I was amused to see a note on a website (from the International Futures Forum) talking of a Second Enlightenment. The aim, I’m realising, is not to strive for anything like enlightenment, or to sit on a mountain top with inner peace exuding from oneself; the aim is simply to continually observe what is in the here and now, as a way of life. This includes all the difficult stuff. Why? Because then I’m not making stuff up about my life, especially in thought form. It’s all about the experience, not the loss of the present into a realm of illusory thoughts, made up suffering and what if’s. We’re all suffering enough as it is. Mindfulness is all about not adding to the suffering, and by increasing one’s awareness to the here and now we do tend to suffer less as a result, and when we’re suffering less, other people around us also suffer less. That’s why, for me, it’s the most important thing I can do in life.

My guided mindful walks begin in earnest in just over a week away, and I’ve got 8 planned this year up until October. Not only that, with my continued 1 to 1 zen life coaching services, I’m immersing myself in the basic principle of ‘living in the present moment’ and sharing this with others, should they request the need. This has already been a four year journey. So, what’s next?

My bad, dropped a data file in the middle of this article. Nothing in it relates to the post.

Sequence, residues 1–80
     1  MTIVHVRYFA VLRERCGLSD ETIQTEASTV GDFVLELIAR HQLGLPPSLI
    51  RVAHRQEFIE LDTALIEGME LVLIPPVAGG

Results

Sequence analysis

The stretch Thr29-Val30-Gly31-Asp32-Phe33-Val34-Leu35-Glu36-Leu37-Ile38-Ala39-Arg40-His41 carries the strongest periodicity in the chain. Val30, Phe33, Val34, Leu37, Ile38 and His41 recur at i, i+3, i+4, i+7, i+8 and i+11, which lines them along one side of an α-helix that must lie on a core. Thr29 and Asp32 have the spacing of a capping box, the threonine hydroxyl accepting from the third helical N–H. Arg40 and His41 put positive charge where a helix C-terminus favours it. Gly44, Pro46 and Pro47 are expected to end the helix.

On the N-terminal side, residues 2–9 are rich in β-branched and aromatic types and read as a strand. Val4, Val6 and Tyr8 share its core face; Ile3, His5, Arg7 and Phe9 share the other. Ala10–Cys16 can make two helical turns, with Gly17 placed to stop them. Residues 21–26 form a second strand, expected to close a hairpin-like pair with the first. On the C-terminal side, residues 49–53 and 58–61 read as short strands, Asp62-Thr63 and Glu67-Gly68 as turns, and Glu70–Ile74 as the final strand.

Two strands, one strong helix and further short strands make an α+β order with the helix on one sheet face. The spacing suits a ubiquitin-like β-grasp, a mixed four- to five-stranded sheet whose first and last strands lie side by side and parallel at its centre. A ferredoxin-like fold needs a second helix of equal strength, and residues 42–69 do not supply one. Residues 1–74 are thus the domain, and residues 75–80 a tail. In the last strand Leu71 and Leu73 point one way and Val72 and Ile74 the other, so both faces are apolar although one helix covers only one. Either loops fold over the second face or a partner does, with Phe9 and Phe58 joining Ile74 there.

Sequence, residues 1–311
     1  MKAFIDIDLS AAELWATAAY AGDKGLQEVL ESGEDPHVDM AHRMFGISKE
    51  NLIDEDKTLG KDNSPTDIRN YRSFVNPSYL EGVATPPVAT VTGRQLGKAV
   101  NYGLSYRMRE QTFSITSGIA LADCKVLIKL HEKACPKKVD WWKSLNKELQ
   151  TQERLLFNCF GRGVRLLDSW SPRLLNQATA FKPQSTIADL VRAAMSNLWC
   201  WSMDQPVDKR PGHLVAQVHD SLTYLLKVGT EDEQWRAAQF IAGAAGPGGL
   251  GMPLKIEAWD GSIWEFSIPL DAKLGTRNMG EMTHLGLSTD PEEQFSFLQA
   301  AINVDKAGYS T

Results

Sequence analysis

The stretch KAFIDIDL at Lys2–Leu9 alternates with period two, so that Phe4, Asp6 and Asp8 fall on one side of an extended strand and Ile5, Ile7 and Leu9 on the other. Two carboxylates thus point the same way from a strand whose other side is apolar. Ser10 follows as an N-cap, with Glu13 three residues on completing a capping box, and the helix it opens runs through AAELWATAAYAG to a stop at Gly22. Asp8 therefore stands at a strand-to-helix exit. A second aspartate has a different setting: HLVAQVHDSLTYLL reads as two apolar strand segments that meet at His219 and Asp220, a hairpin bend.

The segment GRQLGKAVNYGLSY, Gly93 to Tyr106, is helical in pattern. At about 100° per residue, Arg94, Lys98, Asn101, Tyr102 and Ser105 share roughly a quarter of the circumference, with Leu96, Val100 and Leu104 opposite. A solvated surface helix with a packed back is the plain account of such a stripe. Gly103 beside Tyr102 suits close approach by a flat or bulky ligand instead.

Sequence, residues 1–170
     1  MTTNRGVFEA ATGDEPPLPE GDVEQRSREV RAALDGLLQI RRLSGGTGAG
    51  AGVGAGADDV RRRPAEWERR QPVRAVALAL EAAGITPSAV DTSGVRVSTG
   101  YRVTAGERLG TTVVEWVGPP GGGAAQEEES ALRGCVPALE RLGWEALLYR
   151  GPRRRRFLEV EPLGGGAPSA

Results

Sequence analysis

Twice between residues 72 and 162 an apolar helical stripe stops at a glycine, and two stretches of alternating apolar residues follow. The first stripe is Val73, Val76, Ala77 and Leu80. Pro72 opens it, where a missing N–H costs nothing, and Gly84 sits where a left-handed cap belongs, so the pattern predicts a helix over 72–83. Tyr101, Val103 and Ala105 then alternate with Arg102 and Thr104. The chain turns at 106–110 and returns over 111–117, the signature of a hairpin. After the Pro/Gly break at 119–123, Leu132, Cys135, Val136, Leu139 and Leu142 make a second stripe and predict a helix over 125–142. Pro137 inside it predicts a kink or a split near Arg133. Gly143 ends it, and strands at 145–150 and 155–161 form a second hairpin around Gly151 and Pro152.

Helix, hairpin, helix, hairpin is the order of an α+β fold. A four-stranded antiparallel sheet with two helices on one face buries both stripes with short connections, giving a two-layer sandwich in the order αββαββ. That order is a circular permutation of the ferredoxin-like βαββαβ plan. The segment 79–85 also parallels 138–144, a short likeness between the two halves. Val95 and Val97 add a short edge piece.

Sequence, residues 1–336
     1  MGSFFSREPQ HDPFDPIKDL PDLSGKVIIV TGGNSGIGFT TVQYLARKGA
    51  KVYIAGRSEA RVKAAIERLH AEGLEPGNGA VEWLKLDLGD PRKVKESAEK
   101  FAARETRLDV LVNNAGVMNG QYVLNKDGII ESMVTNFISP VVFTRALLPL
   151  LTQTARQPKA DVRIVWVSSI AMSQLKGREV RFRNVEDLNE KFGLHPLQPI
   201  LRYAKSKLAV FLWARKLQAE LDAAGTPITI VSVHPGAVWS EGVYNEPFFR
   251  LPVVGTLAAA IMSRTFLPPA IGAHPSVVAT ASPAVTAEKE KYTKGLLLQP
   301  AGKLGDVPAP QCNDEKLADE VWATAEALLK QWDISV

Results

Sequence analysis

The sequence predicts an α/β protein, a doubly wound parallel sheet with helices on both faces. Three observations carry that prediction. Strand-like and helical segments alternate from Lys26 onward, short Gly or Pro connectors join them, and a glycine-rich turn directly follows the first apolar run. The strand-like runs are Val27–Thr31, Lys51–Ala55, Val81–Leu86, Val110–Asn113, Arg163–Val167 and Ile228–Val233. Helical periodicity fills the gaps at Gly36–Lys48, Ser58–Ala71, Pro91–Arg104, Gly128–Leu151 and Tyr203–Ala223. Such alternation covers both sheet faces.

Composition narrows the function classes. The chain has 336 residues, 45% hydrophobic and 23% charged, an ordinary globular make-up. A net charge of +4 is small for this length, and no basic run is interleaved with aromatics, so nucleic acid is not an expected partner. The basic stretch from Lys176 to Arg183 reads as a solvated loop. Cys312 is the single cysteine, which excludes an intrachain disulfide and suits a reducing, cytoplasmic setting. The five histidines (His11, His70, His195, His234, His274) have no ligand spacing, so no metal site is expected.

Continued practice…and a book on the subject.

About Zen: Mindfulness is underway. I take every Monday after my group to sit somewhere and write about the topic held in the group on that day. Whether it’s about gratitude, or about the ego, or about suffering, or about the flow of the universe, it’s all getting jotted down. My hope is that the book will reach many people, and will be an invitation for the reader to share in the practice of Mindfulness.

To deepen my own practice this year, I’m planning a solitary retreat, beginning on the Isle of Bute in May. I shall blog about it afterward. This will also culminate in writing more of The White Fox (my sequel to The Black Tree) of which much of the story for that book will be based on the Isle of Bute, so it’ll be great for me to research the area and add my descriptions to the book while I’m there. Yet the retreat will be much more a case of meditation, of walking the landscape in silence, and of exploring my own limits and connecting with the spacious, abundance of nature.  Silence and space are two great ways of being in the moment. In silence, we notice our need to speak. In space, we notice our need to fill it with distractions.

So the journey continues to unfold. It’s a pleasure to share it with all those who read this blog.

Hopefully I will catch up with one or two of you on my mindful walks.